Researchers have found that electronic medical records systems (EMR) in hospitals produce more greenhouse gases than paper-based systems. However, they suggest that if renewable energy sources were used instead of conventional energy, the emissions would be similar to those of paper-based systems.
A recent study was conducted at Aravind Eye Hospital in Puducherry to investigate the advantages of electronic medical records. R. Venkatesh, the Chief Medical Officer of the hospital and one of the researchers said, decarbonising electricity sources in healthcare facilities could mitigate environmental impact.
The research took place at Pondicherry hospital, part of Aravind Eye Care System, where they started using EMR in 2018. The hospital has 650 beds and serves a population of over 21.2 million people from Tamil Nadu and Puducherry.
The hospital had 568,982 patients in 2016 when it used a paper medical records system, but in 2019, with the same system, it served 538,325 patients.
The authors of the study concluded that while the EMR system produces more emissions than a paper record-keeping system, it does not take into account the potential benefits of EMRs such as increasing access to care, reducing patient travel, and improving operational efficiencies.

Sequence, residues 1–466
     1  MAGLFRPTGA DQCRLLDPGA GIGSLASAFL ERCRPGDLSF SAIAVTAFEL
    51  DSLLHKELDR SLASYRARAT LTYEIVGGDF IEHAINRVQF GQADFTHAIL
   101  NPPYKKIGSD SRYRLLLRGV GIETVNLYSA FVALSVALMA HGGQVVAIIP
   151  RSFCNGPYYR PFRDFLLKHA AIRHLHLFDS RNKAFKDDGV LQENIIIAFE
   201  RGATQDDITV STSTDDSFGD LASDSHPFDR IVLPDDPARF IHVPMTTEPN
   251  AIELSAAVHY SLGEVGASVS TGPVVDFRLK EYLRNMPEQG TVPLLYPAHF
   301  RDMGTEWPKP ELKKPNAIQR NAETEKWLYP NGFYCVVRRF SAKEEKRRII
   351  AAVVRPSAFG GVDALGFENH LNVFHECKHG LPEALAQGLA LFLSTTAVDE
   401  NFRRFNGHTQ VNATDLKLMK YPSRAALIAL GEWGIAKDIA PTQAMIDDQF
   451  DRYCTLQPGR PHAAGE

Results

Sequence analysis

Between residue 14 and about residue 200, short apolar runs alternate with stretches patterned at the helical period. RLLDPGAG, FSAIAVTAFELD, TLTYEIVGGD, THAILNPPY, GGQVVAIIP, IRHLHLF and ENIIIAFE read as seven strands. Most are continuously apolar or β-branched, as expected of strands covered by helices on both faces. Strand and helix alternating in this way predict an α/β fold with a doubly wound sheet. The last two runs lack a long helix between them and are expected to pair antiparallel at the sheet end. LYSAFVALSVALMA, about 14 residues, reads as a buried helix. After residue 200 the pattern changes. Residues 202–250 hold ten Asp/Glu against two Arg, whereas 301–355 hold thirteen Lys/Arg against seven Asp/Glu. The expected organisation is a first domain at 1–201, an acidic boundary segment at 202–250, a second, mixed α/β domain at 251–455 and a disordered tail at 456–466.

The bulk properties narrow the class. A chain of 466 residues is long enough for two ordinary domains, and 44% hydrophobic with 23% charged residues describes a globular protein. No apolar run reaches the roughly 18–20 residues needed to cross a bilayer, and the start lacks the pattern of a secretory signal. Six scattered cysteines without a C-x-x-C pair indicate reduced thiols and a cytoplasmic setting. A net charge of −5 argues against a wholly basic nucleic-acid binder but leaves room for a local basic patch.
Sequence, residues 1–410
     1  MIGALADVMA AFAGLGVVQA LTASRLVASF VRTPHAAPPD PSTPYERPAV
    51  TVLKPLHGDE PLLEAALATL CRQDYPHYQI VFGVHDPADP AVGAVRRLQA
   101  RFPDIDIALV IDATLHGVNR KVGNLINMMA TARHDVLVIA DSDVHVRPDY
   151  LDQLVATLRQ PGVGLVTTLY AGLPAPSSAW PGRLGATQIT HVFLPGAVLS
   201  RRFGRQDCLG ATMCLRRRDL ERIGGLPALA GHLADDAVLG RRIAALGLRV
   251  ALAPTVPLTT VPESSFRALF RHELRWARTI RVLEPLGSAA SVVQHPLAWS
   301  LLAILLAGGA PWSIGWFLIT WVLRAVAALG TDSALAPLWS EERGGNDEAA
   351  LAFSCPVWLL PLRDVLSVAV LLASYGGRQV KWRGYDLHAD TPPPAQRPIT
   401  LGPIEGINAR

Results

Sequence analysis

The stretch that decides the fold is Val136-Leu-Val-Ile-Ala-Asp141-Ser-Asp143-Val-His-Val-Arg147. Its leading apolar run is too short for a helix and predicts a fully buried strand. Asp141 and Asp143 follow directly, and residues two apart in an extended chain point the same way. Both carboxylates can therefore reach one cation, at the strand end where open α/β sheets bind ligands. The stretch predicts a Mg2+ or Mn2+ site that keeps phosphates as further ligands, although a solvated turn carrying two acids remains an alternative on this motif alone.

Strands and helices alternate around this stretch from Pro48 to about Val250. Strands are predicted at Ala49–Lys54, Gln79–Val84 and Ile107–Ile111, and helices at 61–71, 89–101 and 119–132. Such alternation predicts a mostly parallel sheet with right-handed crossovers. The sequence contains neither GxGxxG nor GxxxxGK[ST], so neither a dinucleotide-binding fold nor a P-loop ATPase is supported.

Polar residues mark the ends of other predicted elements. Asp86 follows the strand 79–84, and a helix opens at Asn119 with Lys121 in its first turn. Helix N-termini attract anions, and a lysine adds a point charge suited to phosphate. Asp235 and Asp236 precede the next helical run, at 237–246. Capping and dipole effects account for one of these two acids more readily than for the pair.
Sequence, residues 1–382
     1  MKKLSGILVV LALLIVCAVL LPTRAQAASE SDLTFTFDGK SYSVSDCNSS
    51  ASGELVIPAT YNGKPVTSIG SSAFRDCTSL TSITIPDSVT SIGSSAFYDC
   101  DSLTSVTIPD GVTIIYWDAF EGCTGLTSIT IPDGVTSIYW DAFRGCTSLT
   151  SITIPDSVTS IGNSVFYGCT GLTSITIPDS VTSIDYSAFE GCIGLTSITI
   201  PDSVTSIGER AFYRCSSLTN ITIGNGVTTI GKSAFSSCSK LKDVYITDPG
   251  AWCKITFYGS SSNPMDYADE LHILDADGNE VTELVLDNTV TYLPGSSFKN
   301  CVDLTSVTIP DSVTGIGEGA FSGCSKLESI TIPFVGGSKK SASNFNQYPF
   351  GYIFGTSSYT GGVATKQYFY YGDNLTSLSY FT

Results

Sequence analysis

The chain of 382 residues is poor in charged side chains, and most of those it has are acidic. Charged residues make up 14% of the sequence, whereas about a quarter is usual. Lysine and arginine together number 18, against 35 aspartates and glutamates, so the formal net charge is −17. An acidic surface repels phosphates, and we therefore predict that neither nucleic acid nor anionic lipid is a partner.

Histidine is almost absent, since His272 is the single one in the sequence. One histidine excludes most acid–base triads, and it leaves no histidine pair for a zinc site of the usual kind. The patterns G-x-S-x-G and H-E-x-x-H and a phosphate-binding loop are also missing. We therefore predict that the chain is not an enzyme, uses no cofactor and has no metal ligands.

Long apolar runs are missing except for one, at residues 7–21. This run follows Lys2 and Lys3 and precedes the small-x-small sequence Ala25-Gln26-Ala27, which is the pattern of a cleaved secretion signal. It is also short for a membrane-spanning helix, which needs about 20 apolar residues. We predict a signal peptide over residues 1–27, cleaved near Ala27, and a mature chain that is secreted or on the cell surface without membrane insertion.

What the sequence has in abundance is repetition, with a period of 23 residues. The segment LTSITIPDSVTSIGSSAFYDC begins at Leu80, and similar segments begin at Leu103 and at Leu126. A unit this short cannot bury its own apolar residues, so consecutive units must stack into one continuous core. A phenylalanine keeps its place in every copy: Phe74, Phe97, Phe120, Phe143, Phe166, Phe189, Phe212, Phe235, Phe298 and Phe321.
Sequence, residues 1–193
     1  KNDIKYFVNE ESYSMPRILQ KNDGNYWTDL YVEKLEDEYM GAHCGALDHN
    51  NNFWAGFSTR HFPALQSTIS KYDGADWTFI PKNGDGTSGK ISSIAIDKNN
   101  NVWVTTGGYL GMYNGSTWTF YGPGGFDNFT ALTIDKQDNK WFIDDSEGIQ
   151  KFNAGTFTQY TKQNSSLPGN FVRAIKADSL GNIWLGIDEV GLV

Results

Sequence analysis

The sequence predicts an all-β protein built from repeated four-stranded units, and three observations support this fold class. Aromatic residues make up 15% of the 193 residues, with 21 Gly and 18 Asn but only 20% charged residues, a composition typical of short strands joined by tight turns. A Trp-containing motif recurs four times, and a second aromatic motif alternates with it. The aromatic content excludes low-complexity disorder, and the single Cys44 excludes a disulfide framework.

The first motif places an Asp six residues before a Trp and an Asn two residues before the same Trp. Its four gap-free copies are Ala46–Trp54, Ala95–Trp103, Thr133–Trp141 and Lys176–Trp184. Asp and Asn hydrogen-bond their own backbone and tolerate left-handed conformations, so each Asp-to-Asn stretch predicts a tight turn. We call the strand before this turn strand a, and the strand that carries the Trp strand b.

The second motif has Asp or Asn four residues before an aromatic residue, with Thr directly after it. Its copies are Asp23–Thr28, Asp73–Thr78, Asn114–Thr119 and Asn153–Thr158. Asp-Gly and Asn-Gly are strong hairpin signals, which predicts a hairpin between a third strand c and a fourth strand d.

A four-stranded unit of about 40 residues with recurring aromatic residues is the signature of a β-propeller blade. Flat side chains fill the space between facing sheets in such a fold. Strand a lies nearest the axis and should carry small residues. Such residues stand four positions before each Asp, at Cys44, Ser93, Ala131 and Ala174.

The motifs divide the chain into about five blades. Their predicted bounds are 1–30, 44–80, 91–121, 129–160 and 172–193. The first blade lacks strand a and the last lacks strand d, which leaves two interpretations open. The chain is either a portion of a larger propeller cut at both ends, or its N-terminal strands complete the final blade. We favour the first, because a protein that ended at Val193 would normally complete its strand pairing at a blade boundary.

The study discovered that if the hospital obtained all of its electricity from renewable sources like solar or wind instead of the Indian electric grid, its EMR emissions would decrease to a level similar to using paper records. This would result in 24,900 kg CO2 e emissions (0.046 kg CO2 e per patient). The authors mentioned that the study did not take into account the positive environmental impacts of EMRs, such as improving healthcare access and reducing the need for unnecessary medical care.
Dr. Venkatesh stated that the results indicate that EMR systems could become more eco-friendly by using renewable energy sources.
Reference- Journal of Medical Internal Research, The Hindu, Aravind Eye Hospital (Puducherry)